Judging by recent domestic box office receipts, electronic game and toy sales, and the robust memorabilia market, superheroes have as much appeal as ever. More than 70 years after Superman burst onto the scene, The Dark Knight ranks as 2008’s highest-grossing film, electronic game titles such as Spider-Man 3 sell millions of copies, and prices for superhero comics from the late 1930s and early 1940s routinely top $10,000—and often go for much more. Step inside Midtown Comics in New York City’s Time Square and you’ll have immediate confirmation of comic book superheroes’ popularity with a diverse audience. But how did this American obsession with superheroes begin?
In June 1938, a new comic book hit newsstands and dime stores, capturing the imagination of American children nearly instantaneously. What merited such attention? The first issue of Action Comics established the superhero genre with the creation of Superman—an archetypal comic hero for the ages. The brainchild of writer Jerry Siegel and artist Joe Shuster, the Man of Steel quickly became a cultural icon.
The flood of Superman merchandise that followed the success of Action Comics included everything from brightly colored miniature statues to superhero rings. Seemingly overnight, the powerful superhero had become cultural phenomenon.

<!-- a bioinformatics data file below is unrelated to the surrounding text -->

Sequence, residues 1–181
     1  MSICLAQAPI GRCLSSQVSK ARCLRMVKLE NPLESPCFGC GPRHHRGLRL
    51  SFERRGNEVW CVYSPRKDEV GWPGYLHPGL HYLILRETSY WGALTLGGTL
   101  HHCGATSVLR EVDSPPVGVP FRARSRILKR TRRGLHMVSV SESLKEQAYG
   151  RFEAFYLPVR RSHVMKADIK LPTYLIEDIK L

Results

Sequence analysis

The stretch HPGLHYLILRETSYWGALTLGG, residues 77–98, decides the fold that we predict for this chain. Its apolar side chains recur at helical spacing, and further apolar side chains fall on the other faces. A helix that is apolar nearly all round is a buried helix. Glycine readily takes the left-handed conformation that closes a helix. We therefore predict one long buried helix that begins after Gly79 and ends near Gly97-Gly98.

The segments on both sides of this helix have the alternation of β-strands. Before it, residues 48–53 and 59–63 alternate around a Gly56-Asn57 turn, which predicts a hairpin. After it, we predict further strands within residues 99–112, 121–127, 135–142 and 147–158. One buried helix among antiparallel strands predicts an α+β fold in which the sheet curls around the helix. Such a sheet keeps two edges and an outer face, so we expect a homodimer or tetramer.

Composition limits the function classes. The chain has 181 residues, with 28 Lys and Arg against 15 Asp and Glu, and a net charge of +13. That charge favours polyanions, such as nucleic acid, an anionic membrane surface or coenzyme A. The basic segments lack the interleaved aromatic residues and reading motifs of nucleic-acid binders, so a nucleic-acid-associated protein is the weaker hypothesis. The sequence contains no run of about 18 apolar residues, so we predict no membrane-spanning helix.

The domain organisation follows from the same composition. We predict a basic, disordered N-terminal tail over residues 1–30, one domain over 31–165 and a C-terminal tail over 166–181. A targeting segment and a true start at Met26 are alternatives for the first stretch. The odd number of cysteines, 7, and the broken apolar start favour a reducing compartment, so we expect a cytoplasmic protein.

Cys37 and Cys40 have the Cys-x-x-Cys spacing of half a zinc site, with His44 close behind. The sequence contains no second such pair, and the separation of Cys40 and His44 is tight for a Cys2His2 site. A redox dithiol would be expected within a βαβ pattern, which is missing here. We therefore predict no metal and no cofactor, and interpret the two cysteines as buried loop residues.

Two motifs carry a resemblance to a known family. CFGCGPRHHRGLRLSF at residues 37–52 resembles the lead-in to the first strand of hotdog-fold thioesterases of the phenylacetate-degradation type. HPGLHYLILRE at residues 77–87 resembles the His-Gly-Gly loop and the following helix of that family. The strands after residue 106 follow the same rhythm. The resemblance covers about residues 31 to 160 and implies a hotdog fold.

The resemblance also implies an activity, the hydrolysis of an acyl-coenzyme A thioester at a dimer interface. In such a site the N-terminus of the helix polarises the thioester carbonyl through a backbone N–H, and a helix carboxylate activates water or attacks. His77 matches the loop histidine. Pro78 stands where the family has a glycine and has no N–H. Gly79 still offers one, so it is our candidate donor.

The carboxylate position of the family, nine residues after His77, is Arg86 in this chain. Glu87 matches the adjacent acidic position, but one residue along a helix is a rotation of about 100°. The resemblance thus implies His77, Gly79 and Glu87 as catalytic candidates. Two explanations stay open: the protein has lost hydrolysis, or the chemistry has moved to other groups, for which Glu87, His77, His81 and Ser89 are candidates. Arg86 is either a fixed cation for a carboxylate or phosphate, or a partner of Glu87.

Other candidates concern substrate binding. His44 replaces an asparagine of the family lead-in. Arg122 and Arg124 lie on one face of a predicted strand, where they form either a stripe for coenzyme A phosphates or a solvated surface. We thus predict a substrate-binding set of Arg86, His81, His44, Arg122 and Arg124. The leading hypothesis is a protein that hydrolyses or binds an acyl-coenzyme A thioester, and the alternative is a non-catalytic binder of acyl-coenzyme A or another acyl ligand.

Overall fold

Between 1938 and 1945, Superman was joined by a multitude of other heroes: Batman, Captain America, Green Lantern, and the first super heroine, Wonder Woman. While there’s been an ebb and flow in the popularity of superheroes over the years—including a severe decline in readership during the 1950s following publication of Dr. Frederic Wertham’s Seduction of the Innocent (1954), which accused comic books of promoting juvenile delinquency—our fascination with costumed characters who battle the forces of evil has endured.
Of course superheroes didn’t need any special powers to make the jump from comic books into other media. Radio serials in the 1940s were followed by a number of popular television series. Depending on when you grew up, you might have vivid memories of George Reeves in Adventures of Superman from the 1950s, Adam West as Batman in the 1960s, or Lynda Carter as Wonder Woman in the 1970s. Although it wasn’t the first Superman film, 1978’s Superman: The Movie helped make Christopher Reeve a star and earned millions from a new generation of fans eager to see their favorite superhero on the big screen. And, faster than a speeding bullet, the box office success of Superman led to film versions of Batman, Spider-Man, and Iron Man.
For decades, superhero cartoons have been a Saturday morning staple, superhero toys have been perpetual favorites, and chances are at least a few children dressed as superheroes showed up at your door on Halloween.
And the comics themselves, where it all started for the superheroes, have remained entertaining and in touch with American culture. In January 2009, Marvel Comics released Amazing Spider-Man #583, which pairs the web-slinging superhero with newly inaugurated President Barack Obama who collected Spider-Man comics as a child.
Who are your favorite superheroes? How did you interact with the world of comic superheroes as a child? We’d love to hear from you as we plan an exhibit that explores the rich history of superhero play in America, scheduled to open here at Strong in October 2009.